By Chris Hirons
WASHINGTON — “The center fielder is back at the wall… And it’s gone! Grays walk it off,” DC Grays’ play-by-play announcer Craige Smith bellowed after catcher Jay Tarkenton (Old Dominion) hit a moonshot that smacked the base of the left center field wall in the 11th inning at the Washington Nationals Youth Baseball Academy.
“Wait, no,” Smith continued. “The ball stayed in the park and the Grays have actually tied the game at nine here with two outs in the 11th inning.”
Smith’s commentary provided the perfect summary of the Grays’ 9-9 game against the Alexandria Aces that wound up resulting in a suspension in the 12th inning: Close but not quite enough.
After the Grays tied the game up at three apiece in the fourth inning, the Aces and Grays see-sawed for the remainder of the night. DC gave up two runs in the fifth, only to tie the game and score two runs in the sixth. Then again in the seventh, Kai Cummings (Mount St. Mary’s) allowed a run to score, only for Cam Bufford (Grambling) to tie the game once again on a solo home run — in his first game since arriving in DC, no less.
And it happened once more in the eleventh.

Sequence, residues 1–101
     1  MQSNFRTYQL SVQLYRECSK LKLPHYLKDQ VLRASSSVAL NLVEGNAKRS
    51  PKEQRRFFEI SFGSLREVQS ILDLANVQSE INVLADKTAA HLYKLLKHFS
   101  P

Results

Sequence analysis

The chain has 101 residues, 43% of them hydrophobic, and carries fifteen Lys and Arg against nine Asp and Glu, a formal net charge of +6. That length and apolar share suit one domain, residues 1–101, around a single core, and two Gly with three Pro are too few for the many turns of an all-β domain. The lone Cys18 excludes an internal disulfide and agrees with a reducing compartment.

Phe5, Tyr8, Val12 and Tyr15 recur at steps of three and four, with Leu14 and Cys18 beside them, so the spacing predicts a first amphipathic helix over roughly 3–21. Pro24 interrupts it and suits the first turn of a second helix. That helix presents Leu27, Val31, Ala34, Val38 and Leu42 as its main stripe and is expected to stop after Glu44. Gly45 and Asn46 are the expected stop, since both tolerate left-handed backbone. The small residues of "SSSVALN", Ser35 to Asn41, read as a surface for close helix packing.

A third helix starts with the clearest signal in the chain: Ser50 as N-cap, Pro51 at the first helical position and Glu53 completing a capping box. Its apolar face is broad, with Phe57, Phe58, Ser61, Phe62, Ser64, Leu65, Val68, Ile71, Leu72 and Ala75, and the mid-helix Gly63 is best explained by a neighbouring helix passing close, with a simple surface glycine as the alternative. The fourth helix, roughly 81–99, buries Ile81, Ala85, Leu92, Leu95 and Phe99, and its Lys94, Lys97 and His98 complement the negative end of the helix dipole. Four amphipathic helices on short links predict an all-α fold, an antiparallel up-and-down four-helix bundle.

In his third inning of work, Frank Craska (Lafayette) allowed a bloop single and then a home run to Aces’ right fielder Anthony Migliaccio to break the 6-6 tie. Then two pitches later, Matt Stone smacked his second home run of the night that Scotty Bandura (Princeton) could only look up and watch.
But even as Bandura watched the ball sail over the bullpen out in left field, the Grays had Bandura’s speed and baserunning aggressiveness to thank for giving the team a chance to battle back.
In the fourth, Bandura was hit by a pitch and reached first with an out. Following Burke Camper’s (Towson) strikeout, Kenny Bell (Southeastern Louisiana) walked to give DC runners — with game-changing speed — on first and second with two outs.
Bell’s walk gave Sam Kaplan (Cornell) a chance to drive in Bandura who stood at second base. On the first pitch of Kaplan’s at-bat both Bandura and Bell took off for third and second base, respectively.
They both slid into the bags safely as the risky and aggressive baserunning gave Kaplan a chance to drive in a run with two runners in scoring position, something DC has had trouble with all season.
Kaplan stared at his bat, knocked the turf pellets off of his cleats before getting back into the box. He fouled off a tough 2-2 curveball, sending it slowly down the third base line. He unloaded on the next pitch.
Kaplan swung and sent a deep fly ball to left-center field that landed in DC’s bullpen, tying the game at three.
For the first time seemingly all season, the Grays bench could finally breathe a collective sigh of relief — one of their hitters finally came through with runners on base.
Kaplan’s home run opened the floodgates for timely hits. When the Grays trailed by another two runs in the sixth with runners on first and second, Kaplan and Ben Nardi (Catholic) drove in separate RBI singles to tie the score at six.
And then after the Aces grabbed the lead back with a sacrifice fly in the seventh, Bufford’s opposite field home run tied the game again.